Staff absence: Schools on Omicron alert as term begins

Written by: Pete Henshaw | Published:
Image: Adobe Stock

As the education secretary urges schools to prioritise face-to-face teaching, leaders warn that it will only take a small increase in staff absence to derail the beginning of the spring term.

Staff absence continues to be one of the biggest challenges facing schools as term got underway. The week began with familiar feelings of frustration about last-minute government decisions and guidance – just as we saw a year ago during the post-Christmas surge in Delta cases.

Early reports suggest that most primary schools opened on Tuesday (January 4), while secondary schools have spent the week organising on-site testing for all students before welcoming them back to class.

The National Association of Head Teachers (NAHT) reported: "We are hearing from our members that they are finding some pupils are absent and some staff are off sick or isolating. It is not a uniform picture, but at the moment school contingency plans are being relied upon to keep the system working.”

However, the union warned: “It remains to be seen how that progresses during the rest of the week and further into the term. It only takes a small increase in staff absence to begin to cause real problems.

“The government will need to be realistic about its expectations of schools. If the priority is to keep children in school we will need innovative approaches to delivery when staffing is critically low. There is no play book for this.”

It comes as education secretary Nadhim Zahawi urged schools to prioritise face-to-face learning this term.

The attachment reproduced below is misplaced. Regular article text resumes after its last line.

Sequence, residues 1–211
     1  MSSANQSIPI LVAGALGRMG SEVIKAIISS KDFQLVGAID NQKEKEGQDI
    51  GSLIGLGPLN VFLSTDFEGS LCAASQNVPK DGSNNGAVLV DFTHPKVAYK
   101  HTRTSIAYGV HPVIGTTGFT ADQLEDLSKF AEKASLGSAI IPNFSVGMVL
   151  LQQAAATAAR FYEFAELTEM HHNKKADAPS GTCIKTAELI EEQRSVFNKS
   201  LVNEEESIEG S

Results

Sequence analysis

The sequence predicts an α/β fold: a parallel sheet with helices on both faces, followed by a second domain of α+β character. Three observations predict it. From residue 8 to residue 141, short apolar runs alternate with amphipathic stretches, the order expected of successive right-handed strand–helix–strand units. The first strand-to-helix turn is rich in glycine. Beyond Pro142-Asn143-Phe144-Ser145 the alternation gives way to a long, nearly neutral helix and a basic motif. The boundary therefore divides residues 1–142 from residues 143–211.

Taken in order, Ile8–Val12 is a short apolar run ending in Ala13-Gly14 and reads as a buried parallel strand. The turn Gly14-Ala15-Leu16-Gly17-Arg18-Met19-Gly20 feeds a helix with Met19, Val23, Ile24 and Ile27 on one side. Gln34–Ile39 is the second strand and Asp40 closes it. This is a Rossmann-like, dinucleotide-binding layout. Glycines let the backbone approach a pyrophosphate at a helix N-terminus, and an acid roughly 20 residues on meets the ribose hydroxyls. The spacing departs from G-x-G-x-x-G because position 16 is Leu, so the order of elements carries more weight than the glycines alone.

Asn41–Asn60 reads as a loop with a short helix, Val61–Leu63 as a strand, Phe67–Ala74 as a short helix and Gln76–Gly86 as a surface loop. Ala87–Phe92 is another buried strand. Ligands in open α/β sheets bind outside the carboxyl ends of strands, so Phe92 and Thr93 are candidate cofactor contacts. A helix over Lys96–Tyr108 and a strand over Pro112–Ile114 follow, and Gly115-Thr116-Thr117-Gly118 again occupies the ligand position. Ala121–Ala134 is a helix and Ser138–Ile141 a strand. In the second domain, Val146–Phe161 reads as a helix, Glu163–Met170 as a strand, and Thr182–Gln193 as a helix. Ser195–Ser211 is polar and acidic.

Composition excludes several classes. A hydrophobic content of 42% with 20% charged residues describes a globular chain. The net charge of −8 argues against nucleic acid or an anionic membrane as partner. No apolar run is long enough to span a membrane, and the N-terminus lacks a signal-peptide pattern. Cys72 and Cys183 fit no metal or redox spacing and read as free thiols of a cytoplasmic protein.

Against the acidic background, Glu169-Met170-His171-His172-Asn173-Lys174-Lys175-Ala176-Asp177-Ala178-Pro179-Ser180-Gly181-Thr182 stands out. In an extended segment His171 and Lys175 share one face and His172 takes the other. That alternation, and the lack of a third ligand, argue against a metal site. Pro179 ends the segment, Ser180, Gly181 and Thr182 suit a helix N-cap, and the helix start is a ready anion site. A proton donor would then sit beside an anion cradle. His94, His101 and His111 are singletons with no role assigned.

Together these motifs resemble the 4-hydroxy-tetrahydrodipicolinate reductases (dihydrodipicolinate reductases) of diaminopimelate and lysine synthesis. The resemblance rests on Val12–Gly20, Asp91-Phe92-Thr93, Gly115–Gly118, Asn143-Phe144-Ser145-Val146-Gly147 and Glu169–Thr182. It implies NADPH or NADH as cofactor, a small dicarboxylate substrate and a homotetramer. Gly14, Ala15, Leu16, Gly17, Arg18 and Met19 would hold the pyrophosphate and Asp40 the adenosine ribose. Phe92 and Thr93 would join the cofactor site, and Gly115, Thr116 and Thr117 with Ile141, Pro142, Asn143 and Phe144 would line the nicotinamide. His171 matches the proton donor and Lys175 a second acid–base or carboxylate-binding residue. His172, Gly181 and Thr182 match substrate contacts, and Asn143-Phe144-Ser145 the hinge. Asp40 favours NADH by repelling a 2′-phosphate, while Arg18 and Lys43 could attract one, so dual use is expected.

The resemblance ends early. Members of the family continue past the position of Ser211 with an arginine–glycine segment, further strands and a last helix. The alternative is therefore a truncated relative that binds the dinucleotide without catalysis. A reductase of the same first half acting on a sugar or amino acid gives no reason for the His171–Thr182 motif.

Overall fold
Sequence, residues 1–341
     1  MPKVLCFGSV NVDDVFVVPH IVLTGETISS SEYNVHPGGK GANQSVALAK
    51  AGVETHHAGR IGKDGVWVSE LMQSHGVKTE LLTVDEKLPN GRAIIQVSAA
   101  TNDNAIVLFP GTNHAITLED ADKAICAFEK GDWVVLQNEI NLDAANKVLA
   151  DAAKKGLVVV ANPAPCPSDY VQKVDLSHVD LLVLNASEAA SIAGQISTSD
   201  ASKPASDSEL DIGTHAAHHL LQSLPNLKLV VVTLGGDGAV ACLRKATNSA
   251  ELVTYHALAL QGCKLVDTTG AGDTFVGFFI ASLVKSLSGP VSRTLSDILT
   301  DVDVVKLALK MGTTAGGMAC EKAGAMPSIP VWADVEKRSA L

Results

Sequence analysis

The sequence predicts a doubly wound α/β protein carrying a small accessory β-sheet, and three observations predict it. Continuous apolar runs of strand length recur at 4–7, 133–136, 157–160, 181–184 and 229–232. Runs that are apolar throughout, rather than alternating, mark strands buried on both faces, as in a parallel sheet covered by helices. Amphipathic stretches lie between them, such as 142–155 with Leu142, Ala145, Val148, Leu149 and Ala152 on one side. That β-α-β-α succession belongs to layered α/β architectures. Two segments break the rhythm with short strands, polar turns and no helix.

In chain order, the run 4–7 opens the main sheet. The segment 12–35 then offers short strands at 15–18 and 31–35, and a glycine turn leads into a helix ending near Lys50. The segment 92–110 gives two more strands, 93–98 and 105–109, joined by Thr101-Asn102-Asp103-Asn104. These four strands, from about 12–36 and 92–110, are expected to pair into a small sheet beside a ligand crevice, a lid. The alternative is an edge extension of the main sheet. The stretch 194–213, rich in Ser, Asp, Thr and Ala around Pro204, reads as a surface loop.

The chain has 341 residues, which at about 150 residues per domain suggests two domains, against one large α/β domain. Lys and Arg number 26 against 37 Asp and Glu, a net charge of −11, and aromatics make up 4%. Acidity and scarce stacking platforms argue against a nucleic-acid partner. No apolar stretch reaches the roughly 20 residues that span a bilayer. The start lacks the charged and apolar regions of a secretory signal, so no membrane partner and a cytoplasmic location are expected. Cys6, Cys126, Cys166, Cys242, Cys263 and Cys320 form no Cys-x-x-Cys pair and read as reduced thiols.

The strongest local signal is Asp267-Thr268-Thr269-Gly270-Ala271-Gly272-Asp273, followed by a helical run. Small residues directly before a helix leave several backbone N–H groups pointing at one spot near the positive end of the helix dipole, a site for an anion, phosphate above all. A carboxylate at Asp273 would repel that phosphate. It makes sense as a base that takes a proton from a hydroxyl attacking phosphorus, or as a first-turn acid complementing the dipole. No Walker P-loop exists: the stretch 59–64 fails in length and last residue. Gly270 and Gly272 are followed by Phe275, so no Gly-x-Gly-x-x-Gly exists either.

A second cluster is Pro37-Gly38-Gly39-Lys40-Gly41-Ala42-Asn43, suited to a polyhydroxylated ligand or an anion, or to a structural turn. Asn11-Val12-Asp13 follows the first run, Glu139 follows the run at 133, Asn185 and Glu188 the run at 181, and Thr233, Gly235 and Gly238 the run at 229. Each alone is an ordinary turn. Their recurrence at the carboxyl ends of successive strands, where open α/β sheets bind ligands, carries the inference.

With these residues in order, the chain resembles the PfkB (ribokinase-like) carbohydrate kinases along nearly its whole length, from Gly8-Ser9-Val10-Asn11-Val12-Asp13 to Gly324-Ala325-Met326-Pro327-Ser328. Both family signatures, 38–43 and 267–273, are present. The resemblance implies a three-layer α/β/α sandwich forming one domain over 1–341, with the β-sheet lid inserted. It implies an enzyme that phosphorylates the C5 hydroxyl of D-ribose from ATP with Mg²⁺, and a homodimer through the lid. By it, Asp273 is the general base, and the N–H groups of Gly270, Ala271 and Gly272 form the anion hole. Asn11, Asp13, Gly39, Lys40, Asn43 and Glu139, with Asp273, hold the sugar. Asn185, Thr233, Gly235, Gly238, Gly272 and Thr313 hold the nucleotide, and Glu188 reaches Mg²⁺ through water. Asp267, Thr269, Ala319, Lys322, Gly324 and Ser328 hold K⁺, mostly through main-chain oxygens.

However, schools are on alert over staff absence levels. At the end of the autumn term, Covid-related absence among teachers and school leaders had risen to 2.4 per cent, including 1.7 per cent with a confirmed case. Covid absence among teaching assistants and other staff had reached 2.1 per cent, 1.4 per cent with confirmed cases (DfE, 2021).

At the same time, pupil absence had reached 2.9 per cent (236,000). Attendance in primary schools had dropped to 90.7 per cent and in secondaries it had fallen to 87.3 per cent (DfE, 2021).

Given the surge in Omicron cases and the expected post-Christmas rise in infections, school leaders fear the spring term will see a similar rising trend of Covid infection and absence among staff and pupils.

The government has enforced on-site testing for secondary students as they return this week and has reintroduced face masks in classrooms and teaching areas for all students in year 7 and above. The advice on masks will be reviewed on January 26.

The government is also urging vaccine uptake: 12 to 15-year-olds are encouraged to get fully vaccinated (two doses) while 16 and 17-year-olds are now eligible for boosters. The Joint Committee on Vaccination and Immunisation has also recommended that “children aged 5 to 11, who are in a clinical risk group or who are a household contact of someone (of any age) who is immunosuppressed, should be offered a primary course of vaccination”. This will be a third of a dose of the normal adult Pfizer-BioNTech vaccine (JCVI, 2021).

However, the last-minute nature of the school guidance updates, difficulties ordering tests, as well as the lack of financial support for schools has once again caused frustration.

Before the end-of-term break, six education unions issued a joint statement urging more support to bring down levels of infection among school staff.

The plea – from the Association of School and College Leaders (ASCL), the National Education Union, NAHT, GMB, NASUWT, and UNISON – included asking for “improve financial support” for the costs of supply cover.

The unions reiterated their complaints that the current government workforce fund has been rendered ineffective by a “maze of eligibility criteria”.

They reminded Mr Zahawi that “last term education staff were more likely than other workers to test positive and therefore to have to self-isolate, inevitably leading to disruption of education”.